Services need complete teams when they are actively developed. With the time, some modules will stabilize and their maintenance concentrated to fewer teams. Inversely, services might grow and require splitting in multiple teams. In either case, teams ownership might change over time. If the technologies are very heterogeneous this might be more challenging.

Ultimately how much autonomy you want to give to the team is an organizational choice, not a technical choice. If you trust your organisation to be able to work with autonomous teams yet converge toward shared goals, microservices might work for you. If the organization maturity isn’t there, don’t go for microservices: you’ve translated your technical issues into people issues, which are even harder to solve.



Fred Brooks started it all. In The Mythical Man Month, he quotes a study saying

individual difference between low and high performers can vary by an order of magnitude

Since then this myth of 10x productivity difference has persisted in our industry.

Nowadays it’s best seen in the use of words like rockstar, guru or wizard in job descriptions.

But is it really a myth, or reality?

It’s undeniable that individual differences exist. Not everybody can write an operating system kernel, a concurrent collection library, or cryptocurrency protocol. These achievements are examples of outstanding technical expertise.

Like in sports, the distribution of talent is skewed, and there are outliers that outperform others.

But here’s the catch: the 10x developer isn’t working 10x faster, he’s thinking differently. The 10x developer finds new way to address problems.

He doesn’t deal with complexity better. He finds way to avoid complexity altogether. Not occasionally, but systematically, as part of his work ethics.

A 10x developer is also a force multiplier. His actions make the work of several people easier. He inspires other to achieve excellence and clone his habits. The payoff can go above 10x.

So, myth or reality?

For me, reality. But such developers are very rare. Over the last 10 years I’ve only met one.


The Essence of Scrum

The essence of Scrum is to ensure progress. The formal elements of the framework –the restrospective, reviews, daily standup, etc.– are not ends in themselves but ways to ensure that progress happens.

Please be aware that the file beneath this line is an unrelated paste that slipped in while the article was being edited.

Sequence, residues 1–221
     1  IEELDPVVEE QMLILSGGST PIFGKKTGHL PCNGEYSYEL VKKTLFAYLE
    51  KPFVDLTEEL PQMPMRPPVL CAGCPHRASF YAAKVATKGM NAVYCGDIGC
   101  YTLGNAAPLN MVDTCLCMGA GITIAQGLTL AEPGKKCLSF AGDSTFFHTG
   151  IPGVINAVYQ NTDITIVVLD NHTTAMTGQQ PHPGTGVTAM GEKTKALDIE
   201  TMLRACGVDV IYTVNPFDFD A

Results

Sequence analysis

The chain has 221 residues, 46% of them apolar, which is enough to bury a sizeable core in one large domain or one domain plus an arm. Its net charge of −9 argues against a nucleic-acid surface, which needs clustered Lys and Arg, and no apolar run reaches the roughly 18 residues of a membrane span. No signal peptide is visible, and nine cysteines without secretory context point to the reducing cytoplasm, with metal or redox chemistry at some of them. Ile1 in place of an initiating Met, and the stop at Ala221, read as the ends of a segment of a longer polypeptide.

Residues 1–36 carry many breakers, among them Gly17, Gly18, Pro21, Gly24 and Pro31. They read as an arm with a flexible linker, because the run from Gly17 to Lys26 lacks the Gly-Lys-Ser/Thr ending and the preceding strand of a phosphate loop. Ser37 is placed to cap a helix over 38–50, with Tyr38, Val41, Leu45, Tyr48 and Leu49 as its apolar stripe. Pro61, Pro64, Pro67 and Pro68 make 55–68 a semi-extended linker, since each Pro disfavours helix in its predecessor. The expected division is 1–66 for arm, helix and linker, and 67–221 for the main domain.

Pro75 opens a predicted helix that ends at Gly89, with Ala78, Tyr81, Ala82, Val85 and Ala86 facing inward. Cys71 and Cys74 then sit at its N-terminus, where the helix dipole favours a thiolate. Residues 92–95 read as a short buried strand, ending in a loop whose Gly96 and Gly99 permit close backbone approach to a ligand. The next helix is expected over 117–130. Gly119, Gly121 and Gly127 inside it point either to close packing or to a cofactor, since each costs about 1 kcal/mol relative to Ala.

It may seem simplistic to reduce Scrum to the mere fact of ensuring progress, but ensuring progress is not that easy, and Scrum is an effective tool to do it.

To prove this point, just think of what the opposite of progress means: to be stuck. A project can stuck for many reasons. Some symptoms include:

  • Work is half done or needs to be redone
  • Work is unclear and time is spent discussing it rather than doing it
  • Work wasn’t needed (people work on the wrong stuff)
  • Work can’t be done (because of dependencies, knowledge, etc.)

When a project is stucked, people work, but the overall project doesn’t move forward. The time is wasted.

Scrum prevent waisting time by maintaining a constant pressure on delivery and keeping the amount of work in progress low (“start finishing and stop starting”). It doesn’t matter how small the work item is. Actually the smaller the better, since it favors focus and quality.

Scrum is a framework for micromanagement, but without a micromanager. The team micromanages itself (i.e. “self-organisation”) and decides itself of the tasks to perform. Taskification happens mostly during the Scrum planning but then throughout the entire Sprint as the team actualises and refines the tasks to be done. And then does them.

The goal is to move forward, to overcome difficulties, to get concrete results, to make progress. For this you want the whole team to engage and people to help each other. You want your team to be more than the sum of its individuals.

I want teams emerging from the daily standup saying things like, “Let’s nail this. Let’s do this.”       — The Origins of the Daily Standup, Jeff Sutherland

People want to make progress fast, but software development is so complex that the risk is not to make progress too slowly but no progress at all. As long as you can ensure that some progress happens and you’re not compromising quality, you’re on a good track.

Gall’s Law

Gall’s law states that complex systems can only be the result of an evolutionary process, and not the result of a design from scratch: